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July 01, 2016  -  By Jim Bessman, Manhattan Local Music Examiner /  Elvis Express Radio
Simply put, it was Scotty Moore who established the electric guitar as the lead instrument in rock ‘n’ roll.

So states music historian/producer Gregg Geller, who oversaw the reissue of the Elvis Presley catalog when he worked at RCA Records. Moore, who died Tuesday at 84, was
Presley’s guitarist during the first part of his career, and with bassist Bill Black backed Presley on his historic 1954 Sun Records session in Memphis for “That’s Alright Mama”, which
became Presley’s first single.

“Remember, in the early days there was as likely to be a sax solo as a guitar solo on a rock ‘n’ roll record,” says Geller. “There was also Danny Cedrone, whose classic solo on
‘Rock the Joint’—later duplicated on ‘Rock Around the Clock’—was seminal, but he was a session hire [and] not an actual member of Bill Haley & The Comets. Scotty’s work with
Elvis set the stage for the guitar’s rise--visually as well as musically--as the quintessential instrument in the music.”

According to veteran New York guitarist James Mastro (The Bongos, Health and Happiness Show), Moore was a sophisticated and exciting player, who together with Chuck Berry
“single-handedly created what we now define as rock ‘n’ roll guitar--combining a pure blend of country swing, jazz, and blues into something never heard before. Listen to ‘That's
Alright Mama’ or ‘Hound Dog’ and you are at the epicenter.”

“Scotty’s tone always impressed me,” adds Mastro, “and when I found out part of that was attributed to tape delay, I rushed out and bought one and still use it all the time. I truly
believe Elvis would not have been crowned king if it weren’t for Scotty being there to help open the castle door!”

Jimmy Vivino, the celebrated guitarist who is bandleader for Conan and a member of ultimate Beatles tribute band the Fab Faux, says that Moore “was the single most important
influence in my playing at the beginning of my journey as a guitarist. It felt like he was putting his arm around me and pointing the way down the road. All rock ‘n’ roll roads lead back
to Scotty Moore and Memphis.”

Boo Reiners, guitarist for New York’s Demolition String Band, points out how Moore and Presley “could be feral one minute and polished the next. The way they complimented one
another was so dynamic and was a big part of all the excitement and innovation. Elvis without Scotty Moore? Who can imagine that?”

Wisconsin Music Hall of Fame bandleader/guitarist Jon Paris, a Monday night Times Square fixture for years at New York club B.B. King’s smaller room Lucille’s, recalls a Les Paul
birthday party at Iridium where Moore was sitting in with the birthday boy.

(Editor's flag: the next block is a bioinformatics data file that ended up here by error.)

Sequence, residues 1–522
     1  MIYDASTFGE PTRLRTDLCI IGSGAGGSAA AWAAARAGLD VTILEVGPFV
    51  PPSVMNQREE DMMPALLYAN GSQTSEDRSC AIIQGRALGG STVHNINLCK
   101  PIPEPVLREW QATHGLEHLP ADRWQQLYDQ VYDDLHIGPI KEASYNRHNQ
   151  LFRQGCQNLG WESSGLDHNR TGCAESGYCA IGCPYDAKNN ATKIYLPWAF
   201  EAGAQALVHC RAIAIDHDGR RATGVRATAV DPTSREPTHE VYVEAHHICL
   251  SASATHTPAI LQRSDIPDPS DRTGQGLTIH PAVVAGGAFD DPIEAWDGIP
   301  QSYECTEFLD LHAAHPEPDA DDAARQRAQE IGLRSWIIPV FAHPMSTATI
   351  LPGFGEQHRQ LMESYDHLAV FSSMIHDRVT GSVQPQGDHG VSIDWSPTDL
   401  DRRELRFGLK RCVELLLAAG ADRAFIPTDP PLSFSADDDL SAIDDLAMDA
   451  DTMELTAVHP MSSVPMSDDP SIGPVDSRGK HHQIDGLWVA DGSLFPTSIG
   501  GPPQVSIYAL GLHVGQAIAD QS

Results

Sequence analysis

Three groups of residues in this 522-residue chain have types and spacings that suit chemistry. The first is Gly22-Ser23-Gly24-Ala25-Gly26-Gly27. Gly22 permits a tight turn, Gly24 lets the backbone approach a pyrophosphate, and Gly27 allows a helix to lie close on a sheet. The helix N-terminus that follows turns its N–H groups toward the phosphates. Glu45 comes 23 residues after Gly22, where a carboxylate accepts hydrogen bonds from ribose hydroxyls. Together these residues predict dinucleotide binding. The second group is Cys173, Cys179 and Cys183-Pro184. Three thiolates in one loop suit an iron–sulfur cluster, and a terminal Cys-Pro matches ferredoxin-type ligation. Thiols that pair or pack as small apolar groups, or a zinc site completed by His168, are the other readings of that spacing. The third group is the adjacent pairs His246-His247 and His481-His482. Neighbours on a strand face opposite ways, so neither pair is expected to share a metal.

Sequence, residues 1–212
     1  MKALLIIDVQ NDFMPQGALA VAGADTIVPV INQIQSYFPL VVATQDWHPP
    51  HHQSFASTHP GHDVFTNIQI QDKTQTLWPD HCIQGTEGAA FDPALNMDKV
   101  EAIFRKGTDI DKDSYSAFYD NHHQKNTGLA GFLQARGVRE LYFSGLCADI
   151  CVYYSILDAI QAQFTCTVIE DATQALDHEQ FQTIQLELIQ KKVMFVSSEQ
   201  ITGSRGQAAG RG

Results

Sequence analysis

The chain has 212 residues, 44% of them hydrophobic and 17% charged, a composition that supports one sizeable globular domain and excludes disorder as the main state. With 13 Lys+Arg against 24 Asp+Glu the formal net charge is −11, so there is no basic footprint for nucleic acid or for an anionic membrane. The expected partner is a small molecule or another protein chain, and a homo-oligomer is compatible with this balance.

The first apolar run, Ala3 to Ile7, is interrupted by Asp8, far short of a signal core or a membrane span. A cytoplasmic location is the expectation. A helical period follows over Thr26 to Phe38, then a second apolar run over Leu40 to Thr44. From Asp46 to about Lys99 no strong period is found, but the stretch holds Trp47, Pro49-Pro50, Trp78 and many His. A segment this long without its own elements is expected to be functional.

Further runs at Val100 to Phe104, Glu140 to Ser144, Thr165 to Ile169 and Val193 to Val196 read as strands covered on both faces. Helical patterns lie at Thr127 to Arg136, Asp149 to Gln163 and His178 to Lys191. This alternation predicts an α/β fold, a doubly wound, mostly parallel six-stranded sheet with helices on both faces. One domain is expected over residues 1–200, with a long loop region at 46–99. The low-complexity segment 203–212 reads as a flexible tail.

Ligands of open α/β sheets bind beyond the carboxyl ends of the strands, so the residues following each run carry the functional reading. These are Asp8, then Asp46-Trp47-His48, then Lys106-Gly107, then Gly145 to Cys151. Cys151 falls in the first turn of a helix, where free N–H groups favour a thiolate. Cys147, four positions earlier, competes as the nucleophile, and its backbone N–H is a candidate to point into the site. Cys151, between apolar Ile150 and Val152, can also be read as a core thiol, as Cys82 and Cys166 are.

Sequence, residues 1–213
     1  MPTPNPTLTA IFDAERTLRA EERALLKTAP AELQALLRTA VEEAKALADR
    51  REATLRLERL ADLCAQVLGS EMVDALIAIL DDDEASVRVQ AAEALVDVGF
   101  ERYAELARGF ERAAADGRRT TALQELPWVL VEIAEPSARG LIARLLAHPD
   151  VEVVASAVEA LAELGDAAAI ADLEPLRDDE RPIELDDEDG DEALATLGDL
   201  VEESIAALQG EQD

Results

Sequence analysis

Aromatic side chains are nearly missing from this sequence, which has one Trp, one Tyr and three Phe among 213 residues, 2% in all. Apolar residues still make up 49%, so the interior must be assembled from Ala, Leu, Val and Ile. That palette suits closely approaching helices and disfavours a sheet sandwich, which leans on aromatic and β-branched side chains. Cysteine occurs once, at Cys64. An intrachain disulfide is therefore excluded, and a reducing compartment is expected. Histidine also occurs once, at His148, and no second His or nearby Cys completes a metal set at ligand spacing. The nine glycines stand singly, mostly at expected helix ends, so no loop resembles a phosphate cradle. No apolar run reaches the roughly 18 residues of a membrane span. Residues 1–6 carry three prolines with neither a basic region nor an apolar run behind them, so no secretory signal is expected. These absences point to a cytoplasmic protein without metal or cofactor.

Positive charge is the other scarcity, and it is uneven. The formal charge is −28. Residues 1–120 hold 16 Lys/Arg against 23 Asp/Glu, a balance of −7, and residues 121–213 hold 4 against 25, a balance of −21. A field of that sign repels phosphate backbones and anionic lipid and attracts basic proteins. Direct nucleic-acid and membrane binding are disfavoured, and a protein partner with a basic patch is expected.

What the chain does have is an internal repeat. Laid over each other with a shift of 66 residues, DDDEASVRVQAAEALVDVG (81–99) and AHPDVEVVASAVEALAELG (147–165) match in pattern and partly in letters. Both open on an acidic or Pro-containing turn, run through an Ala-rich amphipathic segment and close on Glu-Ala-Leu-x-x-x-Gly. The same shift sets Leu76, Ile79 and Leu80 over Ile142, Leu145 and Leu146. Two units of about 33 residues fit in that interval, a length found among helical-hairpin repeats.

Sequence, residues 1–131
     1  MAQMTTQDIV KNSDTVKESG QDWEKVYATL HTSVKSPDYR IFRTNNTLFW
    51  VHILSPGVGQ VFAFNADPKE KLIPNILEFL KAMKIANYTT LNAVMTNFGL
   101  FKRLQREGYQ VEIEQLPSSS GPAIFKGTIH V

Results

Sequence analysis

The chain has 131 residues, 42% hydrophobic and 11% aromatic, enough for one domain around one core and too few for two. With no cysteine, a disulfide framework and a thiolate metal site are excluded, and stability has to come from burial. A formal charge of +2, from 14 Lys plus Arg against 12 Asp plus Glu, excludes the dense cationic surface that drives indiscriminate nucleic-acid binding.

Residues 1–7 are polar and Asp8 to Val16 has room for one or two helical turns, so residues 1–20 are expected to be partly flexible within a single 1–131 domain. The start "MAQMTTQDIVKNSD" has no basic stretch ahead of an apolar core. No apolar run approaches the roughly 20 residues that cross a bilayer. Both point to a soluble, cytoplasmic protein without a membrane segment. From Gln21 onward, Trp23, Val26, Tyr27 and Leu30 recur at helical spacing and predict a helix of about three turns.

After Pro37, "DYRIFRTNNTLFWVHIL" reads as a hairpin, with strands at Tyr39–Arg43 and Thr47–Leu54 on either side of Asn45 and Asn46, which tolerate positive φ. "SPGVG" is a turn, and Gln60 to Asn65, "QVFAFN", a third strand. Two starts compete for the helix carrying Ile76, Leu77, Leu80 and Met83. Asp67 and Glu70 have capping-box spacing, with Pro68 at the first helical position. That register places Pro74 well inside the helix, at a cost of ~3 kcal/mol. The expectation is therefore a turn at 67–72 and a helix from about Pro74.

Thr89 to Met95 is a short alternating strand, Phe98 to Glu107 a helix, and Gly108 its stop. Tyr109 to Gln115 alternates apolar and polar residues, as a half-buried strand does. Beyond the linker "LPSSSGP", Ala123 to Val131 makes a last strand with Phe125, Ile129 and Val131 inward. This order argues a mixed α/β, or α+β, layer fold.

“Les called me up to sing and play harmonica with them,” says Paris. “I called [Presley’s 1955 Sun single] ‘Mystery Train,’” which I’d done before with Les, but with Scotty there, man,
it was perfect! A gentleman, an innovator, and an extremely important influence.”

Robert Kenison, who as Troy Charmell was a member of the legendary 1970s Midwest rock ‘n’ roll show band Dr. Bop & The Headliners, seconds both Paris and Reiners.

“I was at Les Paul’s 90th birthday party and all the great guitarists were there to honor him—but for me it was Scotty Moore,” says Kenison. “I never do this, but I couldn’t resist and
introduced myself to shake the hand of the guitar player who revolutionized rock ‘n’ roll. He was really very friendly and a down-home guy, and since he didn’t run away I told him
how I used to listen to his records all the time and pick out every little lick but could never figure out the solos on ‘Hound Dog’—especially the second one. He said, ‘I just got mad!’
and I thought, I’ll always remember that he didn’t say how he put his first finger on the tenth fret or anything technical, just that he had that feeling. It was awesome, the sound on his
guitar and slap-back echo and rockabilly thumb-picking on all that early Elvis stuff, and he said, ‘We were just trying to do a little something different.’ He influenced everybody!”

“He was just extraordinarily inventive,” continues Kenison, who’s currently touring Wisconsin with fellow former Dr. Bopper Al Craven, the White Raven, as the duo the Mighty
Weasels. “Even last night we did ‘That’s All Right,’ which everyone does, even today. That answering guitar thing that Scotty does after Elvis sings a verse—if you don’t play that, it’
s not the same song! His guitar is almost up there with Elvis’s voice in being important to the music.”

Moore, concludes Kenison, wasn’t “just a three-chord rockabilly guitar player.”

“He was a jazz guy as well,” says Kenison, citing the “jazzy chord intro” on Presley’s 1956 hit single “I Want You, I Need You, I Love You.” “He had pretty sophisticated harmonic
vocabulary, all done in a tasteful way that popular music listeners would enjoy.”

He adds, “I was reading some of the coverage, and even Keith Richards said how everyone wanted to be Elvis, but he wanted to be Scotty Moore!”